Anthony Tucker-Jones's photographic history is a fascinating visual introduction to the armoured battles of the Second World War in the Far East and Asia-Pacific regions, from 1937 to 1945.
In contrast to the experience of the armies that fought in Europe and North Africa, in the Far East tanks remained an infantry support weapon, and their role is often neglected in histories of the conflict.
Japanese armour confronted tanks deployed by the Chinese, Russians, British and Americans.
Early in the war, against Chinese forces which lacked armour, the Japanese had some success, but their light and medium tanks were no match for their Allied counterparts.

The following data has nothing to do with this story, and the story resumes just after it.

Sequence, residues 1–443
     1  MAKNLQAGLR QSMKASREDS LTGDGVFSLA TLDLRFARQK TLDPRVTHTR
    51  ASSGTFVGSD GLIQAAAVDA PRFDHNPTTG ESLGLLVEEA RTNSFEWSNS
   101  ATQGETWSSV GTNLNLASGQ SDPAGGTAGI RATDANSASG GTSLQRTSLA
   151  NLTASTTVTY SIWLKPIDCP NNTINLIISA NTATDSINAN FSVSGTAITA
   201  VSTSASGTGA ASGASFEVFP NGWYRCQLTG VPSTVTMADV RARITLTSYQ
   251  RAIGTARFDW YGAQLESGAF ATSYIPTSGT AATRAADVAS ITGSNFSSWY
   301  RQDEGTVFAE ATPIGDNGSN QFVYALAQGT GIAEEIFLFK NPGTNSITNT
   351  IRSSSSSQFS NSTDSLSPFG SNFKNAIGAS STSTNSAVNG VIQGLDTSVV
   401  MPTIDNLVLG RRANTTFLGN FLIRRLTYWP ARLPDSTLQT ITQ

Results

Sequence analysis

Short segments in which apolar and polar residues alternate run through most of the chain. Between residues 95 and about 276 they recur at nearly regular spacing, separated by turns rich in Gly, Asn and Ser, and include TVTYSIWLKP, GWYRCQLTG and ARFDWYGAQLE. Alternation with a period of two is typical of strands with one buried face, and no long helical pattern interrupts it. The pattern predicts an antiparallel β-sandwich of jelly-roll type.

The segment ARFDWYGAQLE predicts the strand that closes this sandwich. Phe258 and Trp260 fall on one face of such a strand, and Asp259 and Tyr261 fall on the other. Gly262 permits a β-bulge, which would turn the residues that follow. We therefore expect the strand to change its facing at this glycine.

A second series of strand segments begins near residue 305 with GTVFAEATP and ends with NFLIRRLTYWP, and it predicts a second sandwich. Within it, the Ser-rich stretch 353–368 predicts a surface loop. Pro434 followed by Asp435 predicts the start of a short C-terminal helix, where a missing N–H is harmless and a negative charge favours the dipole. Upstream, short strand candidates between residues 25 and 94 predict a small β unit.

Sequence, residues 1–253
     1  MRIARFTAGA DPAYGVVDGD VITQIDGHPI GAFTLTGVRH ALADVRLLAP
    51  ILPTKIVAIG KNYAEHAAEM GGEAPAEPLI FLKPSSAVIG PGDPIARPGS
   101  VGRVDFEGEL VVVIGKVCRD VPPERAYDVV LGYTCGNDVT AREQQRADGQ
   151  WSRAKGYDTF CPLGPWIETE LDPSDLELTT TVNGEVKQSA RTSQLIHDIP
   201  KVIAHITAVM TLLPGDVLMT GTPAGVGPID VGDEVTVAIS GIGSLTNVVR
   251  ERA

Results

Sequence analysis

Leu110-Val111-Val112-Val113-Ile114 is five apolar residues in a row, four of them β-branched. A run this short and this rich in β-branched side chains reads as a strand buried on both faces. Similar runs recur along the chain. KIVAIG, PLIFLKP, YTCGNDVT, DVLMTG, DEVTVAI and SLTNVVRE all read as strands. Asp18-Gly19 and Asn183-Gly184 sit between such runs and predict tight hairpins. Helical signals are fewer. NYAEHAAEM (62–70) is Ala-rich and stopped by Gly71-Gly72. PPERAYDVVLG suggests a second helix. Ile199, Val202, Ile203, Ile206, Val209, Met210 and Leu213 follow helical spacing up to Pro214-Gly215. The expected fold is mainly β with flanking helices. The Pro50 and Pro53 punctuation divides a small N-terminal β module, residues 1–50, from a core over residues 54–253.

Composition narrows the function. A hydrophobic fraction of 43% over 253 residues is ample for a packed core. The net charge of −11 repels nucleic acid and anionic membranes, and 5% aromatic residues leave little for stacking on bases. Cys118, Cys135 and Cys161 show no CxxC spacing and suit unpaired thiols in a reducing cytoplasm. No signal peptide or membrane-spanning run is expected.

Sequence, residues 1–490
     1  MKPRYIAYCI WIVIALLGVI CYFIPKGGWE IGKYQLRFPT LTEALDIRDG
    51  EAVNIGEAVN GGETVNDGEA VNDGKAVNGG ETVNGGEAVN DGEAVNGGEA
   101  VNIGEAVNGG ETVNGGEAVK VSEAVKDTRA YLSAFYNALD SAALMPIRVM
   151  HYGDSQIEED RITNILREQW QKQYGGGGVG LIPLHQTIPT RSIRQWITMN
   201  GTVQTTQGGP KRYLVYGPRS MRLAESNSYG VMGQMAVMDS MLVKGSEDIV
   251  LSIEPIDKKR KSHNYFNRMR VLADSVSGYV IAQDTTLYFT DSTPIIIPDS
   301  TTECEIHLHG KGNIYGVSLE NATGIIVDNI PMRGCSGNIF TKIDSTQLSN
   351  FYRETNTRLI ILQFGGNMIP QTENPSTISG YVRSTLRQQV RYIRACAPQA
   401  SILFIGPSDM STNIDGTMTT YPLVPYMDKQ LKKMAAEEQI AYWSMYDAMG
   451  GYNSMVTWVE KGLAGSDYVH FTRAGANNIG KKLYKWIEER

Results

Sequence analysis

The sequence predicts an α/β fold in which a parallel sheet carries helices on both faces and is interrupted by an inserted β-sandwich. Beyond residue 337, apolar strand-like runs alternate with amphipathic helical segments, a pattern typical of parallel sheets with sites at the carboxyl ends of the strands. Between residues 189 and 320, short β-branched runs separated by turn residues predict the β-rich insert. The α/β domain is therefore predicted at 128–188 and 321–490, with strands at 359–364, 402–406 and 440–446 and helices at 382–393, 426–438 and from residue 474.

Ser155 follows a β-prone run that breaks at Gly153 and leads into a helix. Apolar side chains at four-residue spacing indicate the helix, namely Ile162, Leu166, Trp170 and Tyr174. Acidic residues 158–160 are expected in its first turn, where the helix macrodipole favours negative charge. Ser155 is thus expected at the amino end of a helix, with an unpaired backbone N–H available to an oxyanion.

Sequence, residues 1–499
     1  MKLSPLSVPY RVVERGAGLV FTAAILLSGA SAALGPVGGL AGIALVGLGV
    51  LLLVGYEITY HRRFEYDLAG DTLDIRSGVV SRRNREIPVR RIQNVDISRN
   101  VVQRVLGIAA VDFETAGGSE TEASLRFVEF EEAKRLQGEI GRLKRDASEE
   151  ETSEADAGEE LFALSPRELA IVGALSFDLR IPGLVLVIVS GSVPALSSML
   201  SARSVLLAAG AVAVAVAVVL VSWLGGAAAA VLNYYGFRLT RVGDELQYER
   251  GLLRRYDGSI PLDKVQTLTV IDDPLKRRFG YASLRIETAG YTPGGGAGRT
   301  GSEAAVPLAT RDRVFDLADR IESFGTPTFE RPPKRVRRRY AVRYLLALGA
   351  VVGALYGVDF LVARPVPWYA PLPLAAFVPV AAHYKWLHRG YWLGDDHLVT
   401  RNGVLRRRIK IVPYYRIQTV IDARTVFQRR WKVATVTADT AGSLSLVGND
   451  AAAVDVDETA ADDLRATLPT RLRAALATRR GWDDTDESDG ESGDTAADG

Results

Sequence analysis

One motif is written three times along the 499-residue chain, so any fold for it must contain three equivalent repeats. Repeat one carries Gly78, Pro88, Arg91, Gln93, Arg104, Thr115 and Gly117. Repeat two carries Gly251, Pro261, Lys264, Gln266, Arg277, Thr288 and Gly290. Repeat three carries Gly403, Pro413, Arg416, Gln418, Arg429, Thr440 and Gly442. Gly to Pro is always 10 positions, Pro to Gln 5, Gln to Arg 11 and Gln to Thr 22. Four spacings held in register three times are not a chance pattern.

Later Japanese designs were better armed, but they were built in such small numbers that they could do little to stem the Allied advance.
The role of armoured vehicles in each theatre of the war in the Far East is shown in a selection of over 150 rare wartime photographs that record armour in action in China, Manchuria, Mongolia, Malaya, Burma and during the battles fought for the Pacific islands.